A study led by the Medical College of Wisconsin (MCW) and published online in the American Journal of Public Health found that New Jersey law requiring individuals with HIV to disclose their HIV-positive status to their sexual partners does not appear to be an effective HIV prevention intervention.
Fifty-one percent of study participants were aware that New Jersey had such a law. However, persons who were aware of the law were just as likely as persons who were unaware of the law to disclose their HIV status, engage in less risky sexual behaviors (such as fewer number of partners), and use condoms. The majority of participants, regardless of being aware or unaware of the law, reported having been in compliance with the law for the previous year — that is, they abstained from sex or they informed their prospective partners of their HIV-positive status.
In fact, 85 percent of participants reported that they would not be willing to engage in unprotected sex with an HIV-negative partner who was not informed of their HIV-positive status.
Awareness of the law was not associated with negative outcomes for HIV-positive study participants. Participants who were aware of the law did not perceive greater social hostility toward persons living with HIV, or experience more discomfort with HIV status disclosure or more HIV-related stigma. Conversely, those who were unaware of the law perceived more social hostility toward persons living with HIV, experienced greater HIV-related stigma and were less comfortable with HIV status disclosure.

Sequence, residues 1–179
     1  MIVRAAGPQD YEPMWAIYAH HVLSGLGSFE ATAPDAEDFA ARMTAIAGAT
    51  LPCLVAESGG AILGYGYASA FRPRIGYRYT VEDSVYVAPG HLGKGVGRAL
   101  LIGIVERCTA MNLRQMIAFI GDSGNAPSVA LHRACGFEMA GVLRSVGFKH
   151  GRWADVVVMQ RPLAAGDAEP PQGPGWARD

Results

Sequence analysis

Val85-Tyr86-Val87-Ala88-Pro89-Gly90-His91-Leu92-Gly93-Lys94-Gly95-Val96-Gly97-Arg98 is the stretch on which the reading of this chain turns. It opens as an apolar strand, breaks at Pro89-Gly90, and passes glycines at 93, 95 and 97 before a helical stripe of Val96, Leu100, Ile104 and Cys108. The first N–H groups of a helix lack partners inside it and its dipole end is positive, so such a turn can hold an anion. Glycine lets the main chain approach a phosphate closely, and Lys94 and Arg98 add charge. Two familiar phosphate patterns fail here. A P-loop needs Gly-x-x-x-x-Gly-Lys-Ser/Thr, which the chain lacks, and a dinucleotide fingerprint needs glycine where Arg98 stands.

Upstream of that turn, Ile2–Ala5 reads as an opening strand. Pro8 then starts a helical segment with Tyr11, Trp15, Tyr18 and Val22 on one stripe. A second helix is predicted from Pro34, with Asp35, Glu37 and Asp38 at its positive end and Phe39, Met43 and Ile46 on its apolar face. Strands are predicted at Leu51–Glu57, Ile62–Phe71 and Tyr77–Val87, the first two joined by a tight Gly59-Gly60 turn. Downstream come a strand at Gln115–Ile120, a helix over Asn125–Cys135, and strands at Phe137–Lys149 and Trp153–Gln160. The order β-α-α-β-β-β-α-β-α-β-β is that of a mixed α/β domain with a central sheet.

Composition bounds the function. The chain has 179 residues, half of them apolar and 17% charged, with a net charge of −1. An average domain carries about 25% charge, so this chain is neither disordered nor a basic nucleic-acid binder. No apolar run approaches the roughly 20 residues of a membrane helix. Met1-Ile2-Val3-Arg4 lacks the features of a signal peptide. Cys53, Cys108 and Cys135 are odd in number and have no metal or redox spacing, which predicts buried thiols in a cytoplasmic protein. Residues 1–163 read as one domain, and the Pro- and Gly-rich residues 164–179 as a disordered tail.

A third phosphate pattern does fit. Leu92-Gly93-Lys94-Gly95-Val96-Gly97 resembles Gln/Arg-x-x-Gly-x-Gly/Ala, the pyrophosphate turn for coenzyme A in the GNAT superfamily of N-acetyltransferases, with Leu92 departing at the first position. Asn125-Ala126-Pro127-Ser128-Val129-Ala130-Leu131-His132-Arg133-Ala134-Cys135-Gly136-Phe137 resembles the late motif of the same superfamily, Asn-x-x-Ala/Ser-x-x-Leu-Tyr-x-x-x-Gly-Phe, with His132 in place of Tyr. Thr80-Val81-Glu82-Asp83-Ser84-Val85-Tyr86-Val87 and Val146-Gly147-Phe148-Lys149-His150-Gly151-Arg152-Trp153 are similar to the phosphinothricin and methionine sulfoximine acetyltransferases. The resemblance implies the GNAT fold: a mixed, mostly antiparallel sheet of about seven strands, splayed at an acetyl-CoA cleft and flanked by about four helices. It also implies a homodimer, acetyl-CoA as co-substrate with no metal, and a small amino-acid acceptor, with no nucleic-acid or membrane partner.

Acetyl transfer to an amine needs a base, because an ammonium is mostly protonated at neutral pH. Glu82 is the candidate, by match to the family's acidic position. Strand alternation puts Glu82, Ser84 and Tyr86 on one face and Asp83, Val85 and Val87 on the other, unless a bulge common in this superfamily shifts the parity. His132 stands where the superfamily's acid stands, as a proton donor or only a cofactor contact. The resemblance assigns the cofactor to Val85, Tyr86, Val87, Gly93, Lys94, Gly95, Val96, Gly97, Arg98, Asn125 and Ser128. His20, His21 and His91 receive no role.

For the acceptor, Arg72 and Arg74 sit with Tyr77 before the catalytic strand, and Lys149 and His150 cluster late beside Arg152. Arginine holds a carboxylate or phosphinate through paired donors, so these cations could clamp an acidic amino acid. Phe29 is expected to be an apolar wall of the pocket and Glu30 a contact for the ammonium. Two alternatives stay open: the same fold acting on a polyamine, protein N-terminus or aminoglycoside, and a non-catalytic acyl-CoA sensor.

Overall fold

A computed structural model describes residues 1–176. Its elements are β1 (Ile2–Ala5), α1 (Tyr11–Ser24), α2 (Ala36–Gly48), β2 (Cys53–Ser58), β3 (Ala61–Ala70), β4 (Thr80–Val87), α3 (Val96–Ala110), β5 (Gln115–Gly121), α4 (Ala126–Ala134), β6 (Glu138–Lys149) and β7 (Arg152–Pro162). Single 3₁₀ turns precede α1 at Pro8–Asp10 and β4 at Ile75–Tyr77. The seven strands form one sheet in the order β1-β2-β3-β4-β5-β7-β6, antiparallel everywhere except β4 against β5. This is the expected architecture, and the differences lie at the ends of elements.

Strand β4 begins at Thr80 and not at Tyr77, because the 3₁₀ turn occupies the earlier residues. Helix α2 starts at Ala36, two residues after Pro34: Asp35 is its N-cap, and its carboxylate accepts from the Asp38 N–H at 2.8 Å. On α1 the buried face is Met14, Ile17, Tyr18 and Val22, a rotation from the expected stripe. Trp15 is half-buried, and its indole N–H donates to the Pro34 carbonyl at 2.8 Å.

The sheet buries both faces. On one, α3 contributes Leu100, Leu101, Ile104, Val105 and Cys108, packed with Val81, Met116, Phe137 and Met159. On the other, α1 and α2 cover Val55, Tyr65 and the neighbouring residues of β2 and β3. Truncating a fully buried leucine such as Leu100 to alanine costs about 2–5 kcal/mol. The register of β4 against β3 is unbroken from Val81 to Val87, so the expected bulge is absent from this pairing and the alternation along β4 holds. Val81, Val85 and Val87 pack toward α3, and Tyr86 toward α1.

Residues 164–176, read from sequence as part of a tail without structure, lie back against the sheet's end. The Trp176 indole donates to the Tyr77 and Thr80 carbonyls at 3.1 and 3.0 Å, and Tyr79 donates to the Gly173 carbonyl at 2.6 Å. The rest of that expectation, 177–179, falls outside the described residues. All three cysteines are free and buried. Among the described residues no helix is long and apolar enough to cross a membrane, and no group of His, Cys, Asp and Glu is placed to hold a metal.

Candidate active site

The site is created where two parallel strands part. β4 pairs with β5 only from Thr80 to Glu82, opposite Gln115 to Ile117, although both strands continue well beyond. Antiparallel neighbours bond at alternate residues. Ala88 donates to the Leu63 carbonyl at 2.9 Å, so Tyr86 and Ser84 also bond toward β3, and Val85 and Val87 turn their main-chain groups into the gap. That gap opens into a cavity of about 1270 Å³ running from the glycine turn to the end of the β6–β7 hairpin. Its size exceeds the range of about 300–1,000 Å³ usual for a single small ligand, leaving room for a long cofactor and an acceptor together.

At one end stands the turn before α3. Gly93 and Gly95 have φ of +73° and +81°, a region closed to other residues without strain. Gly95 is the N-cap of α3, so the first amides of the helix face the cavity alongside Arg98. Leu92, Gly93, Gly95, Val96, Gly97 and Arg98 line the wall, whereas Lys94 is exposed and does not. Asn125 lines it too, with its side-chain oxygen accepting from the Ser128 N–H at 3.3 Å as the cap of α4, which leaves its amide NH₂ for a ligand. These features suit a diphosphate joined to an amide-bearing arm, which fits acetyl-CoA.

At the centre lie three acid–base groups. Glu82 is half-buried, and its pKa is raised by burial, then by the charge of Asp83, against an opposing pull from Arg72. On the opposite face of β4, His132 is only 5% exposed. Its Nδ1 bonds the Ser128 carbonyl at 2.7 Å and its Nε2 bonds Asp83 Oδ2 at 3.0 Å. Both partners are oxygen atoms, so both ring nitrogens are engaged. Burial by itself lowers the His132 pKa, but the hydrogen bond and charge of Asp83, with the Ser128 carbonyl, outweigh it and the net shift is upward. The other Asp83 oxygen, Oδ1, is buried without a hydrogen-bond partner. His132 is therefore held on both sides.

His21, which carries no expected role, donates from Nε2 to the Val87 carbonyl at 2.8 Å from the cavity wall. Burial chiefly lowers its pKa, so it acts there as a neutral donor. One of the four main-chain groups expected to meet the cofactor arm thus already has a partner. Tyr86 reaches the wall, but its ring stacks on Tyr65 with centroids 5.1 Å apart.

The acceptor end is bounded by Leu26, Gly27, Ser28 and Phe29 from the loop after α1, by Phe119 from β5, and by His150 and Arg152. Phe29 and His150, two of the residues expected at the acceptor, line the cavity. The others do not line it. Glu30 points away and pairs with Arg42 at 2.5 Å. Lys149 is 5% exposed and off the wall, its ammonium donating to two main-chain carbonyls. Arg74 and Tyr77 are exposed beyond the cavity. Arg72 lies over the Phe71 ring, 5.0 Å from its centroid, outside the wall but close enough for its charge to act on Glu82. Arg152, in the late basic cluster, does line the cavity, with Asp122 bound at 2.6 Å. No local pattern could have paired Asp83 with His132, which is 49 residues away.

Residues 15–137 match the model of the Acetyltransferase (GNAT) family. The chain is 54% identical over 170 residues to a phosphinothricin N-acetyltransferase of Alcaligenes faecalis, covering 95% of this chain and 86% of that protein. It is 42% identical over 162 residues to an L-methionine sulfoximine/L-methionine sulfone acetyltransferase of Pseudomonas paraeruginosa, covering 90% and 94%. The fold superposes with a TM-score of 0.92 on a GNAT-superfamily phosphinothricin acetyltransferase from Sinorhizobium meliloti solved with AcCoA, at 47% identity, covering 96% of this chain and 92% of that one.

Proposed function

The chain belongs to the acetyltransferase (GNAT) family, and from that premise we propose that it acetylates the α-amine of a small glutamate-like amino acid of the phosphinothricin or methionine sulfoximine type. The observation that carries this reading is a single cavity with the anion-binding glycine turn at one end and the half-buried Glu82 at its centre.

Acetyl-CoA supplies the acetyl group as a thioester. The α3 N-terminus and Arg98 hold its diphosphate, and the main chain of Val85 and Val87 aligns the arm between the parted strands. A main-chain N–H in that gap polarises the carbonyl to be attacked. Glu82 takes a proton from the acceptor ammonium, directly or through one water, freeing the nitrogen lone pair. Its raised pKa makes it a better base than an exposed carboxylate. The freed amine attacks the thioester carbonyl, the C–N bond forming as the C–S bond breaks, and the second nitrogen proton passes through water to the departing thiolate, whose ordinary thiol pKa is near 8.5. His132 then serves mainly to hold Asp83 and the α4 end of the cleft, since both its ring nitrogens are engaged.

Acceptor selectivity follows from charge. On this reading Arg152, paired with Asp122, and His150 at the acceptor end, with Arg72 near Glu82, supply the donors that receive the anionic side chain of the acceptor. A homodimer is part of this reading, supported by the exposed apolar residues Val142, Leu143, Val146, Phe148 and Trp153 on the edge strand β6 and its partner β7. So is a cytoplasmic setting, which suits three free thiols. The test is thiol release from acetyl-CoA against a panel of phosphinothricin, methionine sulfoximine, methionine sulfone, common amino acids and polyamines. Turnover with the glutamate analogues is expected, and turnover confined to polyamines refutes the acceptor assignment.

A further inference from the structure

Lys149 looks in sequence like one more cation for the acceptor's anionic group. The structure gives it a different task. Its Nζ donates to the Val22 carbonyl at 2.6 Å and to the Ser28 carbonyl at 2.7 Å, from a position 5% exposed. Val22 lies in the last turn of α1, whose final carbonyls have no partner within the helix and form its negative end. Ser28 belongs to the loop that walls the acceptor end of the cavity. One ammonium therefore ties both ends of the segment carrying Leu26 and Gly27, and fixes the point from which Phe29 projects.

Principal Investigator Carol Galletly, JD, PhD, of the Center for AIDS Intervention Research (CAIR) at MCW, and her colleagues surveyed a sample of 479 people in New Jersey who are HIV-positive between March 22, 2010 and October 6, 2010. Participants varied by sex and race: 45 percent of were female, two-thirds were African-American, 16 percent were Hispanic, and 13 percent were Caucasian. The study population ranged from ages 19 to 66. Galletly is an associate professor of psychiatry and behavioral medicine at MCW.
The article, "New Jersey's HIV exposure law and the HIV-related attitudes, beliefs, and sexual and seropositive status disclosure behaviors of a sample of persons living with HIV," was written by Galletly, along with Laura R. Glasman, PhD, Steven D. Pinkerton, PhD, and Wayne DiFranceisco, MA., all of CAIR.
A majority of U.S. states have enacted laws that regulate the sexual behavior of people living with HIV. Most of these laws require individuals with HIV to disclose their HIV status to prospective sex partners. In New Jersey, violation of the law is a felony. This designation is typical, and some states even require individuals who have violated these laws to register as sex offenders. Wisconsin does not have a criminal HIV exposure law; however, Wisconsin code allows for enhanced penalties for persons who commit certain serious sexual crimes while knowing that they are HIV-positive.
Galletly and her colleagues also asked participants about responsibility for HIV prevention. 90% believed that a person living with HIV bears at least half the responsibility for insuring that an HIV-negative partner doesn't contract HIV through sex. 34% thought the HIV-positive person has full responsibility.
While these results are specific to New Jersey, several states have enacted similar versions of this law. Researchers are working to compare findings from different states.